Wednesday, 7 December 2011

Blog Assignment no. 2 - Passive House construction in Carlow


The construction of this farmhouse style building commenced in 2010 in Tullow, Co.Carlow. The house was featured on RTE's program About the house on November 29th 2011 .
First and foremost, the clients wanted a beautifully designed home and if possible, that it be built to a passive standard to achieve low energy costs and avoid dependence on fossil fuels in the future.

House Details

The house plan ( 298m2 floor area) was U shaped with traditional farmhouse features. The client's preference was blockwork construction as they felt the area was windswept and open and that blockwork gave them better solidity than timber framed construction.

The foundation: On top of concrete ground beams, 400mm of insulation was laid under the concrete raft foundation. This separation of the wall from the ground eliminated thermal bridges.

The external walls: The external wall was made up of outer and inner blockwork leafs with a 300mm cavity. This cavity was filled with bonded polystyrene bead insulation. The outer blockwork received a breathable render while internally, an air tight plaster with a service cavity filled with insulation avoided the thermal envelope being disturbed. The wall ties were made from basalt as it has a low thermal conductivity. The U value achieved for the wall was 0.1W/m2K.

The windows: A-Rated passive standard windows including three seals on the window frame were used. Plywood boxes were attached to the internal blockwork allowing the windows to sit in the cavity area, which is the optimum position for a window in a passive house.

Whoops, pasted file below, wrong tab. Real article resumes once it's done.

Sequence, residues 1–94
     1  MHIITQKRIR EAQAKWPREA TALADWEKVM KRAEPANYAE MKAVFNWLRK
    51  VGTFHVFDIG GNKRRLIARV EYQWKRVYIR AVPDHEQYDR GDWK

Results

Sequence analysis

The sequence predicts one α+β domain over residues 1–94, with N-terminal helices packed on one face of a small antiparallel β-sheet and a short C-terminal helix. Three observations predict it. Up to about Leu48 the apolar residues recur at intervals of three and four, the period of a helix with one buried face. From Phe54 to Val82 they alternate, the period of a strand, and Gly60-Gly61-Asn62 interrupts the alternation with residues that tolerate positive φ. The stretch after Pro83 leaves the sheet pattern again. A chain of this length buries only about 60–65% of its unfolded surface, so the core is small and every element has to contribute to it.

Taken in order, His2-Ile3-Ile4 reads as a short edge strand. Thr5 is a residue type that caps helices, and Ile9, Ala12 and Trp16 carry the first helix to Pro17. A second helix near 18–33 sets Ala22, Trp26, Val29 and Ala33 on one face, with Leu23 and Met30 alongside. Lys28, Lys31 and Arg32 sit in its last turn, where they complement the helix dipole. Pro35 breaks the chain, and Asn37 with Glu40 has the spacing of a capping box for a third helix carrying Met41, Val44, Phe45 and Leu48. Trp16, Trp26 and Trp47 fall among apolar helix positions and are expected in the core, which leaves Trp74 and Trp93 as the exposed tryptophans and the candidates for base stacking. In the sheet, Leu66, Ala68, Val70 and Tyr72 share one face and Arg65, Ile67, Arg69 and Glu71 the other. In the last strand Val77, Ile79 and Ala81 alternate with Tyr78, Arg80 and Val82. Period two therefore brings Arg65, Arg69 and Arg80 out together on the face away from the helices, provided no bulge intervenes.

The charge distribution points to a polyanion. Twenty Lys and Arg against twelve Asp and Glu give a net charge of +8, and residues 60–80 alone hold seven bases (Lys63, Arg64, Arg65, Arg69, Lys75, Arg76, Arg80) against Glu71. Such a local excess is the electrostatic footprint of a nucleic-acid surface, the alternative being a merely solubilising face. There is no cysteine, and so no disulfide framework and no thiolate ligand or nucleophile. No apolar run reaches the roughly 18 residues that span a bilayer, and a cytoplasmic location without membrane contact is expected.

Air tightness: This was achieved by attaching an air tight membrane to the ceilings which formed a sealed envelope with plastered internal walls and floors. The passive standard three seal windows and attention to air tightness at joints around windows and doors meant that the result from the blower door test was 0.25 airchanges per hour which is well below the maximum level for certification of 0.6.
Below is a video of a typical blower door test.


There were several delays on the project - The MHRV system design initially wasn't certified, the harsh winter of 2010 meant construction came to a standstill and then the builder ceased trading. Building with a timber frame method of construction would have sped things up somewhat as components can be prefabricated (e.g. wall sections) and erected even in very cold weather.

I thought it was interesting to note that the MHRV system was installed after the blower door test and that there was no air test done on the pipework afterwards (the program didn't say this anyway). In our talk from David McHugh from pro air he told me that they usually expose the pipework to the blower door test to check for any leaks.

Other interesting information from the program was given by Jeff Colley of Construct Ireland (the only magazine dedicated to sustainable construction in Ireland).  He informed the viewers that:
  • FAS have commenced the world's first passive house training course for craftsmen
  • Ireland has the third highest number of certified passive house designers in the world
I think that this is some good publicity at last for the construction industry here instead of the culture we saw between 2000 and 2006, where the emphasis was on quantity and speed with quality losing out.


The client's are currently trying to complete the project by direct labour and have managed to maintain continuity in terms of craftsmen. The house is only nearing the end of its construction due to the delays that I mentioned earlier but I would be surprised after seeing the attention to detail in the construction methods if the house is not certified to a passive standard.